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Glassdoor Economic Research shows Gen Zers are happiest in creative, non-technical roles.
So they want to have a job that requires no skill and lets them do whatever the fuck they want? Duh.
This underlies another point. I challenge people to come up with a good definition of "art" and a good definition of "creative". The reason both are "difficult" to define, is contemporary art has gone through a process of redefining what creative and art means multiple times, to the point it basically means whatever you want it to mean. And people wonder why so much art is ugly and crap, and why so many creatives aren't creative, but just frauds.
things are so complex and so easy to use, there's less motivation
Actually I disagree on the "so easy to use". It's easy to use if you're doing anything with an intended user experience, and it's difficult to use where the user experience has labelled that the "unhappy path" and tries to throw you back into the intended user experience. This probably ties into how the developer experience is rarely the user experience- and it probably ties into how old computers were used by developers or a handful of users(alongside user manuals which were comprehensive... like a car's manual). They were treated as technical tools, like a dremel, which required a manual. And of those users... used in very discrete and specific purposes not like all purpose computers.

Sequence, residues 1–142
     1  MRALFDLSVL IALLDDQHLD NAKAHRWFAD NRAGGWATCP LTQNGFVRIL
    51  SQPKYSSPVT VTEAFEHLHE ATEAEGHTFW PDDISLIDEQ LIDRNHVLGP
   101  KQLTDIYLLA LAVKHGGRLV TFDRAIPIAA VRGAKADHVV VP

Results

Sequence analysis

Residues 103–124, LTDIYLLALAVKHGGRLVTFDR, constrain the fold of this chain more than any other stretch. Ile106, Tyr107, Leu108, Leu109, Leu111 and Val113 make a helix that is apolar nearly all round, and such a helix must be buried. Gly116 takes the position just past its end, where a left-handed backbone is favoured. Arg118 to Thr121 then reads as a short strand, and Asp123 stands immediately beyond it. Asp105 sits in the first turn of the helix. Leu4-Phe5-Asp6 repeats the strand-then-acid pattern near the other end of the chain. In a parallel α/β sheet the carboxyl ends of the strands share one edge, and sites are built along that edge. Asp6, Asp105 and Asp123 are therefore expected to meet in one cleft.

Maybe with AI they'll have the opportunity to play around with it and break it. AI hackers have the greatest chance to be the visionaries of Gen Z.
AI as it stands, is just a predictive model- like a (much more complicated) markov chain. See my previous comments about AI. Regardless, what does AI Hacking get you? The hard part of an AI is creating and training the model, not using it- so anyone can(and if you go looking plenty of people have!) made AI models that compete with the status quo AI like ChatGPT and Dall-E etc. It's good in any space where the output should be predictable, but a prerequisite to prediction, is it being done before, which tells you that AI use is doing menial, repetitive things. Good-ish to automate away... but then this is just me saying there's a space for people who will write software using AI for automation, not so for AI hacking(which returning to my question, what does it get you and what really is hacked here?).

The other thing about it being good-ish, is that automated outputs are rarely great outputs. I believe this also applies to standard engineering, as creating things to extreme tolerances is fundamentally harder to automate, requires more oversight and requires quality assurances. And on the point of quality assurances, anyone who remembers the days of servers giving guarantees of "5 nine uptime"(99.999% uptime) probably laments that nowadays it's jokingly called "nine 5s uptime"(55.5555555%), so all this automation around complexity- the automation kills the knowledge and when it breaks, you lose reliability too as a quality.